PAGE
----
“You shall not commit adultery” should not be enslaved to the concept of marriage. Marriage is simply a commitment, and it is the failure to live up to a promise or commitment that makes an unethical leader.

Recognize your means, create commitments only within those means and keep those commitments.

In Practice: If you have too much on your plate, acknowledge it and refuse (and I mean passionately REFUSE) to add more to it. If you can’t seem to remain faithful in a relationship, end it.

Leadership relies almost entirely on trust. Over-committing creates as much mistrust as general incompetency or sin.


8. You Must Produce

“You shall not steal,” when applied to ethical leadership has less to do with a loaf of bread than it does earning your own credit and allowing others to keep their credit.

Micromanagement is detestable because it means that a leader is too consumed in controlling what others create and not focused enough on what they need to do to advance their organization, their cause, or their employees themselves.

In Practice: Commit to managing only as many people as will leave you time to produce your own product. Give those who work with you and under you something to look up to. Prove that you are worth your title.


9. Recognize Your Words Reflect Your Nature

The 3rd Commandment suggests limitations in “positive gossip,” so it should be obvious that “negative gossip” is as bad if not worse. “You shall not bear false witness against your neighbor” scolds both against lying and gossiping.

Gossip destroys teams and eliminates trust, even to those you gossip with! People know not to share openly with a gossiper, and gossip often serves no purpose than to bring someone else down. We’ve discussed not creating or giving in to resentment, and resentment often manifests itself into “civil” gossip.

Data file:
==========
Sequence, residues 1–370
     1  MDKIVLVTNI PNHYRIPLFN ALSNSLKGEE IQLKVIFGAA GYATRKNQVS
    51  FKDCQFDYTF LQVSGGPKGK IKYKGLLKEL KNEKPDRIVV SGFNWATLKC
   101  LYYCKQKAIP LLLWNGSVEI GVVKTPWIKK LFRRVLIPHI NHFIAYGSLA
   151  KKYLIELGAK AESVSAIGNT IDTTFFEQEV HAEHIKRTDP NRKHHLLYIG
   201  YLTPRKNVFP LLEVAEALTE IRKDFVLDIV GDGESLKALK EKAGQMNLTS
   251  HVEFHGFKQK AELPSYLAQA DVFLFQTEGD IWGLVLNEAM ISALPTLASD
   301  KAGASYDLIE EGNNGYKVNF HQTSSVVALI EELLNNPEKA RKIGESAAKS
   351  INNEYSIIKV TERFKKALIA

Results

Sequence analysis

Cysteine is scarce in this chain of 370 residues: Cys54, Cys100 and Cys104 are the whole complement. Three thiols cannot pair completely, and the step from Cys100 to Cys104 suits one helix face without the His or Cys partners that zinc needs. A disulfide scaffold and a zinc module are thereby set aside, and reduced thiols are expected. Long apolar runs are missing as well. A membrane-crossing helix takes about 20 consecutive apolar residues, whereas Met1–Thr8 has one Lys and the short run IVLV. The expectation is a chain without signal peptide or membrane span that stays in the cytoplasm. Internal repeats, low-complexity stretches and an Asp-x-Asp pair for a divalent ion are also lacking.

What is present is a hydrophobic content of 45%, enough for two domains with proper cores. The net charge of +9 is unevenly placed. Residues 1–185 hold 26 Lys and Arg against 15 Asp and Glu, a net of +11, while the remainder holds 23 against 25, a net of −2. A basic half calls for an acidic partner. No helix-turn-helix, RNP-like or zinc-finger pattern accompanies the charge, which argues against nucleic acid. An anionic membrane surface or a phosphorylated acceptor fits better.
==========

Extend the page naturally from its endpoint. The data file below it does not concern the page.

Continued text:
Small lies, even white lies, create a habit of lying. The more one lies, the easier it is to do so. Consider white lies the gateway to harder lies. People also know not to trust someone who lies to make them feel better; you should want to be known for speaking the truth.

In Practice: Remove yourself from conversations if they begin to involve gossip. Find something better to talk about than other people. Search the Eleanor Roosevelt quote about “small minds.”

Speak truthfully. The immediate pain is worth bearing when you consider the chronic effects of regular lies on your character.


10. Create Your Own Game – Your Benchmarks Are Yours To Choose

Ethical leaders translate, “You shall not covet anything that belongs to your neighbor,” into an understanding that we often benchmark our success by comparing ourselves to others. That leads to stress and insanity.

It is okay to want to be compensated as well as or better than an underperforming peer, but make that case for yourself or choose to walk out the door. You don’t have to settle and you don’t need to bring someone else down. Ever.

Instead of playing by someone else’s rules and in someone else’s game, create your own rules, make them known and follow them. It’s surprisingly easy for other people to accept that you don’t play the game.

In Practice: Never run to catch a train, plane or bus. The world will move on and you should have more respect than to be a slave to another’s schedule. I’m serious. Learn to go with the flow; take an improv class.

This commandment requires that you create a culture within yourself of not letting life or others get the best of you. If you set your expectations then you learn to live within the means of those expectations.

If being on time is something you value, plan better and have a back-up plan (miss a plane, plan to give a presentation over Skype)